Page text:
One of the concepts in Christianity is a thing called stewardship. It’s something we are supposed to value and one of our jobs as good Christians is to be good stewards. But the term and the concept can be really obscure. I rarely hear the term explained well, and have yet to get a satisfactory lesson on the Christian concept of stewardship. In fact, different Christians seem to explain the idea in sometimes vastly different ways. So I’m going to do my best to break it down here on my own.
A steward is someone who manages someone else’s money or other resources. So it involves both sound management and taking care of stuff that doesn’t belong to you. I guess we could call this responsibility, but there seems to be more to it than that. Otherwise we would just call it responsibility. Sometimes stewardship is equated with giving, especially in terms of money. That’s fine, except we already have a term for that too: generosity. I’ve also heard the explanation that all our gifts are from God and we need to remember that they are ‘on loan to us’. To some this explanation means we should always be feeling humble before God who is everything and has everything. This doesn’t seem super useful to me, especially if it messes with self-esteem. Another way to look at the ‘on loan’ aspect is to let it remind us we are to be using our gifts and resources for the things God would want. For me that means we need to be doing stuff to help people.
What I seem to be getting at here is two-fold. First the nature of what we have is God-given, so when we use our resources and talents, God expects us to be striving for certain things and avoiding other things. This is as simple and as complex as doing good and not doing bad. Since I’ve already spent time on this blog getting into good and bad, I’m going to move on to part two.
The second piece to stewardship is proper management of the resources we have. Resources people have can include just about anything from time and energy, to money and stuff, or talents and skills. Managing resources means making the best use of what you have, and usually it involves finding ways to increase and reach further. Stewardship of a business would entail growing the business. So our goal is not to spend our energy doing stuff until we are tired and broke, but to manage our resources so they perpetuate and grow to do more good. This I think is at the heart of what a good lesson on stewardship needs to teach. The reason this kind of concept is so hard to grasp is the fact that it involves choosing to do some things and choosing NOT to do some things.
Some examples are in order I think.
Starting very simplistically, say you own a forest of 100 trees that can be made into 100 packs of paper. You cut down all 100 trees and help 100 needy schoolchildren have books. You just helped a lot of people! But now you have no more trees and can’t help anymore kids until more trees grow. On top of this, you have only the seeds from the cut down trees to use for regrowth. If those seeds should fail you have no more to work with. Better stewardship might involve saving some trees for generating seeds, cutting branches off instead, or coming up with a way to use just the leaves for paper.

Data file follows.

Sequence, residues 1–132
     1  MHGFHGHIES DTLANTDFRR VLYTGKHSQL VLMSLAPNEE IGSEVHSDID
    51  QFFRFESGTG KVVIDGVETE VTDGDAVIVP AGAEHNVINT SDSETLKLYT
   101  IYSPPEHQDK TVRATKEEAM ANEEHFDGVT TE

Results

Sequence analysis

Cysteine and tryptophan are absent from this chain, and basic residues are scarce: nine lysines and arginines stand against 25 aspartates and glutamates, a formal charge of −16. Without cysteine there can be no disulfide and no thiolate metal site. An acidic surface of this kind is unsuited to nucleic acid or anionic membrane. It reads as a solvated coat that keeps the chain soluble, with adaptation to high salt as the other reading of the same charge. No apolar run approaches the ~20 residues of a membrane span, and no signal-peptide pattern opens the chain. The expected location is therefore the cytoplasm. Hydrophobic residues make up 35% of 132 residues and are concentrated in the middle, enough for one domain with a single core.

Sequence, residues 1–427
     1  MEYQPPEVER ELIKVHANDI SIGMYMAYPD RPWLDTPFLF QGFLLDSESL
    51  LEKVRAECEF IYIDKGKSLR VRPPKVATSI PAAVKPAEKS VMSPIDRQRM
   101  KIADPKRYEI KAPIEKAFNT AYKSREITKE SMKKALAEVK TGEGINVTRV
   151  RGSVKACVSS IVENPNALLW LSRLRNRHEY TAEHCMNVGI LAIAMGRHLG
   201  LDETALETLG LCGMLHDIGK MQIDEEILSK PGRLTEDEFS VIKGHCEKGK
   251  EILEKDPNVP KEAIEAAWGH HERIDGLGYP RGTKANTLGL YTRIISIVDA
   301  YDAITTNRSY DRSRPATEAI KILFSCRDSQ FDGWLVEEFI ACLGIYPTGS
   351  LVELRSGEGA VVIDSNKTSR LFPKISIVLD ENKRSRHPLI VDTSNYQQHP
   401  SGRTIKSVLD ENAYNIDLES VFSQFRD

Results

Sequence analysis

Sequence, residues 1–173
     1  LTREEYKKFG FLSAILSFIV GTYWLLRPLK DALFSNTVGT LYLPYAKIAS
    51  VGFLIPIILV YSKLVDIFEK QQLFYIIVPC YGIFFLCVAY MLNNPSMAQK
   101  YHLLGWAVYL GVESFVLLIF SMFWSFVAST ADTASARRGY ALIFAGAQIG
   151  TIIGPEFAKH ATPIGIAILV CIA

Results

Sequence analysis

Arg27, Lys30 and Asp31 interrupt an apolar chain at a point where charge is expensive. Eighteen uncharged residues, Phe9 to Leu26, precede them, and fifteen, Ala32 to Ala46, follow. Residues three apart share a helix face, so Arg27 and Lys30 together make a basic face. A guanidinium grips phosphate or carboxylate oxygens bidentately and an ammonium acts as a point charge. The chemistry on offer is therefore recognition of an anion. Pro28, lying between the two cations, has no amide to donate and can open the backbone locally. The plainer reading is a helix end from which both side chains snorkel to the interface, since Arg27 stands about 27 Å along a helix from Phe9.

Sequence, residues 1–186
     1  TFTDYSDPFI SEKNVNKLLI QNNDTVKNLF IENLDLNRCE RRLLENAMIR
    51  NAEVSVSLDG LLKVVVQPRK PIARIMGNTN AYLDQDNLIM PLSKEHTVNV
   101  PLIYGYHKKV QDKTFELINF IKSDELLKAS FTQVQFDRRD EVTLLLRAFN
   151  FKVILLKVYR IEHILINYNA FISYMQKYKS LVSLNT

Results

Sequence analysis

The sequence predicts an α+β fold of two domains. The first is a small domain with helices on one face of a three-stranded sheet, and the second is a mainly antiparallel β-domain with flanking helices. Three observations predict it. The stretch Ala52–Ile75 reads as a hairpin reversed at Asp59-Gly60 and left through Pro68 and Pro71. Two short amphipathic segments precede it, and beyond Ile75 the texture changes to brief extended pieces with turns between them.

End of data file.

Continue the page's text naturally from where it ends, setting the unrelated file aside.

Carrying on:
Next a more realistic example. Heifer Project is a charity that I’ve collected money for in the past. They have programs that help struggling families in poor countries by teaching them about farming and raising livestock. They also give animals to the families they help. This type of project could help more people faster if instead of animals, they bought rice and gave that away, BUT that kind of help is short-term. Spending the extra money to actually purchase and give away an animal is a longer lasting help that perpetuates itself. Usually the family is asked to give back to the program by donating the first offspring of the animal they were gifted to help another family in need, furthering the resources even more. This is good stewardship.
For my last example I want to get at the usage of time and talents. And I’m going to borrow from my absolute favorite TV show right now. Yes, I am about to synopsize The Aquabats Supershow; specifically episode 2 of season 2. This episode is also available on YouTube (which is how I saw it). The beginning of the episode details the return of the Aquabats from space. They are heroes who have saved the world, but don’t remember anything about it. Once they regain their memories they offer to help everyone with everything. From cats in trees to pickle jars that won’t open, they want to help, however the crowd decides they aren’t helping enough and chases them for a song-montage-sized chunk of the episode. In the end the Aquabats realize they can’t help everyone with every little thing. This, I think, is a stewardship lesson. If you have a talent for something big- like saving the world- it might not make sense for you to spend all your time doing smaller things. Time and energy are finite and good stewardship entails using both wisely. Again I’m seeing the lesson is not simply what to spend time doing, but what NOT to spend time doing. I think we need to balance both in order to practice good stewardship.